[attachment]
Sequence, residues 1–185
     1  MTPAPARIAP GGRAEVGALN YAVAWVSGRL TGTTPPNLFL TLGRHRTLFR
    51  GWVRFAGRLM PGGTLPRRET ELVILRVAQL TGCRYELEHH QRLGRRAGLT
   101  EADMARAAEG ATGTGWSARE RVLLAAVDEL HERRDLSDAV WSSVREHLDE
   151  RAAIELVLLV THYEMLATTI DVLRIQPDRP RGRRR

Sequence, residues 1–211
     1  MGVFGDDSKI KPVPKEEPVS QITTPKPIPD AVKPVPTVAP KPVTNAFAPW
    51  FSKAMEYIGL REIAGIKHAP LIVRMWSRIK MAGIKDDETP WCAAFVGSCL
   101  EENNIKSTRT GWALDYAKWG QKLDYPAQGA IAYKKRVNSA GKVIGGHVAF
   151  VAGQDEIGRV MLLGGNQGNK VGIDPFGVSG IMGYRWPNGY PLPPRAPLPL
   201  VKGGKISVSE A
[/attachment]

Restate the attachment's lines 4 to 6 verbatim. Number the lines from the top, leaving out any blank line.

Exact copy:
   101  EADMARAAEG ATGTGWSARE RVLLAAVDEL HERRDLSDAV WSSVREHLDE
   151  RAAIELVLLV THYEMLATTI DVLRIQPDRP RGRRR

Sequence, residues 1–211